If there were no greenhouse gases the earth would be −18 C(0 F) on average. This happens sometimes and we get an ice-age. Ice-ages are like leaving the car windows down.

Now here is the crunch: cars with thick glass windows don’t get any
hotter in the sun than cars with thin glass windows. Thin and thick glass both stop the LWIR almost completely.

Unless we are in an ice-age, adding more CO2 to the atmosphere
does not make it any warmer!

Then how does the earth lose the heat from the sun if the LWIR cannot get past the atmosphere? The earth should be getting hotter and hotter like a car in the hot sun.

I was only talking about radiation. There is another way that heat can get out. It is called convection: ‘hot air rises’. The most spectacular convection occurs during tropical storms. Hot moist air from the surface of the sea starts to rise. As it rises it expands and cools. As it cools water comes out as rain.  This warms the air again so it rises even faster. Huge amounts of energy are released and the net effect is to carry heat from the surface of the ocean to the top of the atmosphere where the greenhouse gases are so thin that radiation kicks in. The excess heat is then radiated into space.
This is why the temperature of the tropical ocean seldom rises above
28 C (83 F). When it gets too hot, a tropical cyclone happens which cools everything down again.

Something similar happens at cooler latitudes but it is a lot less dramatic.

How do we know this? Everyone knows that as you get higher in the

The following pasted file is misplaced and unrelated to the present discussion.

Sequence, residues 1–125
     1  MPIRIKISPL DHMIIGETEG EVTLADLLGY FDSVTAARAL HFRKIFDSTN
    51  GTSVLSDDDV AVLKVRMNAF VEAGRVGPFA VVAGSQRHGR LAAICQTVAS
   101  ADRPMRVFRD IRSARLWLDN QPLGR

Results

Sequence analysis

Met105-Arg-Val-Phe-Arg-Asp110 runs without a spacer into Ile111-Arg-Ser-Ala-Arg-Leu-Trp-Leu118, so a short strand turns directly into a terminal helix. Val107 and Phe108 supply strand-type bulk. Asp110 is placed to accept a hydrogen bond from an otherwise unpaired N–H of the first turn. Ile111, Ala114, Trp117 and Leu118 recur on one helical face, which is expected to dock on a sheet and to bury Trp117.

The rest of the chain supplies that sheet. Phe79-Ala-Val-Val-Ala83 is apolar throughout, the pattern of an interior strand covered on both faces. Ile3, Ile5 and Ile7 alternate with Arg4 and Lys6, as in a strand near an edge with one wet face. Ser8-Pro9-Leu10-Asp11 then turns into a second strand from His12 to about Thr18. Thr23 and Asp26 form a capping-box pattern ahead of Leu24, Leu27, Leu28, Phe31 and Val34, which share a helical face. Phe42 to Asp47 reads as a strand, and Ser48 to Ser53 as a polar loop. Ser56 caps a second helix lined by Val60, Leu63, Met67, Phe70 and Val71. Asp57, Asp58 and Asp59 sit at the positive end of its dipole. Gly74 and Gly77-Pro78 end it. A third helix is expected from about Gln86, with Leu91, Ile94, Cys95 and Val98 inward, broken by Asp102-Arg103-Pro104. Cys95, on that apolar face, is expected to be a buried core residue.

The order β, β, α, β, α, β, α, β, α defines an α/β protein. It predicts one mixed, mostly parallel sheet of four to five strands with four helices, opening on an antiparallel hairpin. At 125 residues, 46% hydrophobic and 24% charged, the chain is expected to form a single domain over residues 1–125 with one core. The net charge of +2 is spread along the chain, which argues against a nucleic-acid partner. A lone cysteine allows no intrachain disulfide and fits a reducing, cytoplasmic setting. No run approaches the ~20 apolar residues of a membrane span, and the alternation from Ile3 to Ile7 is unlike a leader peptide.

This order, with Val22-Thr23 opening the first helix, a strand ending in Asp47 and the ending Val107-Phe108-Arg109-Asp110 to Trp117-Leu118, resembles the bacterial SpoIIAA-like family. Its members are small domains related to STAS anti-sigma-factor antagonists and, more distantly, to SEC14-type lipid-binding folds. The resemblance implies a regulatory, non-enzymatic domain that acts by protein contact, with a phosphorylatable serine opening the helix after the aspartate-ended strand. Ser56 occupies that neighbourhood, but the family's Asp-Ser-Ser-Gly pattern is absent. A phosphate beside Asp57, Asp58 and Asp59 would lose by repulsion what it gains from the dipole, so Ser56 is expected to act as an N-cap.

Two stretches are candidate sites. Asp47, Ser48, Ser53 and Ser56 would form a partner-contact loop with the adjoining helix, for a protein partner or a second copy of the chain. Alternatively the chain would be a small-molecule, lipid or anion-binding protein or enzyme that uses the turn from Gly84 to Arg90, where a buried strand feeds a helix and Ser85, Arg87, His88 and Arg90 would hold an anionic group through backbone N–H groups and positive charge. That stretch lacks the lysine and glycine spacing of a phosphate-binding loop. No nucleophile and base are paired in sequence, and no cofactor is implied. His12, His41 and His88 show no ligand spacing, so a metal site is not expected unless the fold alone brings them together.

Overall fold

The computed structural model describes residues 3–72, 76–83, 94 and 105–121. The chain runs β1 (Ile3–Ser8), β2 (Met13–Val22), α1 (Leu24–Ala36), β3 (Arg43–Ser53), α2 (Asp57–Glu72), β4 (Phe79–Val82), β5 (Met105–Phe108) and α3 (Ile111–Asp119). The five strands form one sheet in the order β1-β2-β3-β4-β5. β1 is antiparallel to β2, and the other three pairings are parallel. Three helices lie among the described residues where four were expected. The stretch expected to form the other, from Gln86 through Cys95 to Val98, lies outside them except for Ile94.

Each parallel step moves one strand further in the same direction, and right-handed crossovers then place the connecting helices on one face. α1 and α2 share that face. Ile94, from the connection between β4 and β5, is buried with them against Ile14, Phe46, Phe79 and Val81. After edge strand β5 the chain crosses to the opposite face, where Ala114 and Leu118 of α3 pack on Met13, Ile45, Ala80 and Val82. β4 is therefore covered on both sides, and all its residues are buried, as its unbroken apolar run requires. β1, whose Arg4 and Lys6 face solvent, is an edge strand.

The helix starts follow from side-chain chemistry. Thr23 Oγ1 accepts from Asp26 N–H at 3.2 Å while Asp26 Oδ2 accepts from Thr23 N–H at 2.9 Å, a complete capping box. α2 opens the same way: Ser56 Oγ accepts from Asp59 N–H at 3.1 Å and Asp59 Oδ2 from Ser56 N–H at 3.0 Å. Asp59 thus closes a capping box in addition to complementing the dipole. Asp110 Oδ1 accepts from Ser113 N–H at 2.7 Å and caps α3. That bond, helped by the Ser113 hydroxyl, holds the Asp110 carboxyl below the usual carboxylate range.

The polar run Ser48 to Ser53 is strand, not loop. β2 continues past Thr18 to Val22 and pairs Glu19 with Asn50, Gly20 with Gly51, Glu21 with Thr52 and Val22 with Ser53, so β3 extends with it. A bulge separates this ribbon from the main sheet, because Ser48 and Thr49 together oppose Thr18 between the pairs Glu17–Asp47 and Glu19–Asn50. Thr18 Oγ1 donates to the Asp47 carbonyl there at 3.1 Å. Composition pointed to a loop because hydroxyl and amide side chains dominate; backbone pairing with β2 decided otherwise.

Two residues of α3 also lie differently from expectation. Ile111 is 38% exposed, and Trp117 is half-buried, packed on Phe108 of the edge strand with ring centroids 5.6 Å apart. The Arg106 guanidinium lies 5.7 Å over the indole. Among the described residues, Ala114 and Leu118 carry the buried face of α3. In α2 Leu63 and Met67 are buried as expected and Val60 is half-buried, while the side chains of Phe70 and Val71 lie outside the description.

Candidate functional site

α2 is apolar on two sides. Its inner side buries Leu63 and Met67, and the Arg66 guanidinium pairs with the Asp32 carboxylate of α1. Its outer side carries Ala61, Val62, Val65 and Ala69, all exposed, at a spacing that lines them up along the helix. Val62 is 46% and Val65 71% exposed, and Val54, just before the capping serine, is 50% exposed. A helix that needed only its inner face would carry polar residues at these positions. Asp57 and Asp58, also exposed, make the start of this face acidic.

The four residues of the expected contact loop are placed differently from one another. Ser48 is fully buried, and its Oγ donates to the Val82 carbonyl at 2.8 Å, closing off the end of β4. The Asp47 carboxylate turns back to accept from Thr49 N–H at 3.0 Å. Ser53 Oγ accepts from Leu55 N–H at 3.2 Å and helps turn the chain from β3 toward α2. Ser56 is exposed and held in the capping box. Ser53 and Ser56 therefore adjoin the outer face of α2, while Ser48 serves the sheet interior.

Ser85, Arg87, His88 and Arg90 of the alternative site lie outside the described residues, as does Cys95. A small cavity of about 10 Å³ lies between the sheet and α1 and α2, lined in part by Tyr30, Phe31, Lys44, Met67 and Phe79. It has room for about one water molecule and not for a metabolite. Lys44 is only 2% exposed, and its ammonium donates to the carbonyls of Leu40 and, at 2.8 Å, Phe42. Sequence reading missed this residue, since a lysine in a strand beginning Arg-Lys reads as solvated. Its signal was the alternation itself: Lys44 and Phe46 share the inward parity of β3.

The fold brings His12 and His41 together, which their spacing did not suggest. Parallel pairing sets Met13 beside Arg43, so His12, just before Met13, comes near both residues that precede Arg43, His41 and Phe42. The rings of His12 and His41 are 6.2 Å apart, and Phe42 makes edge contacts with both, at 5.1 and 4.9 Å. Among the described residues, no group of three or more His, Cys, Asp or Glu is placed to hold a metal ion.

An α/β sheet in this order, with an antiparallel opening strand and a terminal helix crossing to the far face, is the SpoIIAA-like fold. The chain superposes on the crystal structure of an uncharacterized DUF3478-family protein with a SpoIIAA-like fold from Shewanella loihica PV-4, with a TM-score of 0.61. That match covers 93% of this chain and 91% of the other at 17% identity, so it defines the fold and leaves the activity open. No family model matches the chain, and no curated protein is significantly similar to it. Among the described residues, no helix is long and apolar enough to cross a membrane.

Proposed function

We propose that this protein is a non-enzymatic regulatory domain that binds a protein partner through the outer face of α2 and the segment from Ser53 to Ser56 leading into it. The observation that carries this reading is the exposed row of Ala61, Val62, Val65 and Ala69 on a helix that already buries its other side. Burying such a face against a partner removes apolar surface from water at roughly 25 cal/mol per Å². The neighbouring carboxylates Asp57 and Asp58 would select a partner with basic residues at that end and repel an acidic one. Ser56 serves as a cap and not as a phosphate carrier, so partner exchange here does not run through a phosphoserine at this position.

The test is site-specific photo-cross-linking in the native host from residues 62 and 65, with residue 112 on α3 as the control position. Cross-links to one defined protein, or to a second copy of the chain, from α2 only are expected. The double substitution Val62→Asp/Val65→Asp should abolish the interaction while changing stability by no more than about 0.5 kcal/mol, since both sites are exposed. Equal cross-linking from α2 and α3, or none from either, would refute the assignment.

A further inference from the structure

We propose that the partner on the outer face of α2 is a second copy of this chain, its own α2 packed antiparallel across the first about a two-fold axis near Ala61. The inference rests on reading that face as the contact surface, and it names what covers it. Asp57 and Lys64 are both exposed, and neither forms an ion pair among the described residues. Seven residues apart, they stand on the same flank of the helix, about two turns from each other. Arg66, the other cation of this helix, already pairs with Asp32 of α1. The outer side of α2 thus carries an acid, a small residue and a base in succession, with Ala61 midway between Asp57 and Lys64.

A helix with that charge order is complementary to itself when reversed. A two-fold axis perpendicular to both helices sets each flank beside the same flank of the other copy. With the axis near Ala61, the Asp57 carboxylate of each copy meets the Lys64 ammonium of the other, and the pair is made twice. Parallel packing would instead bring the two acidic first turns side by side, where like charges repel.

atmosphere it gets cooler as you get away from the source of the heat.

True. There is snow at the top of mountains, even in the tropics.
If you compress a gas it gets hotter as anyone who has pumped up a bike tyre will know. We can predict how much hotter using the science of thermodynamics. If you let air expand it will cool down.

Imagine a parcel of air moving upwards. The pressure gets less and it
expands. When it expands it cools down. Thermodynamics tells us exactly how much it will cool down and exactly what the decrease in temperature will be for every meter you go up. For a stable atmosphere this is called ‘the adiabatic lapse rate’. It is measured hundreds of times a day with weather balloons.

Theory fits observation very well indeed. It has nothing to do with
greenhouse gases.

When CO2 and water vapour in the atmosphere increased at
the end of the last Ice Age, which had lasted for more than 80,000
years, it made the earth warm again . It made the big ice caps melt
and raised the level of the ocean. That happened 11,000 years ago
and created a boom time for Homo Sapiens (us). Apart from a few
random fluctuations, our climate has been remarkably warm and
stable ever since.

A pdf version of this post can be downloaded here: YPGTGE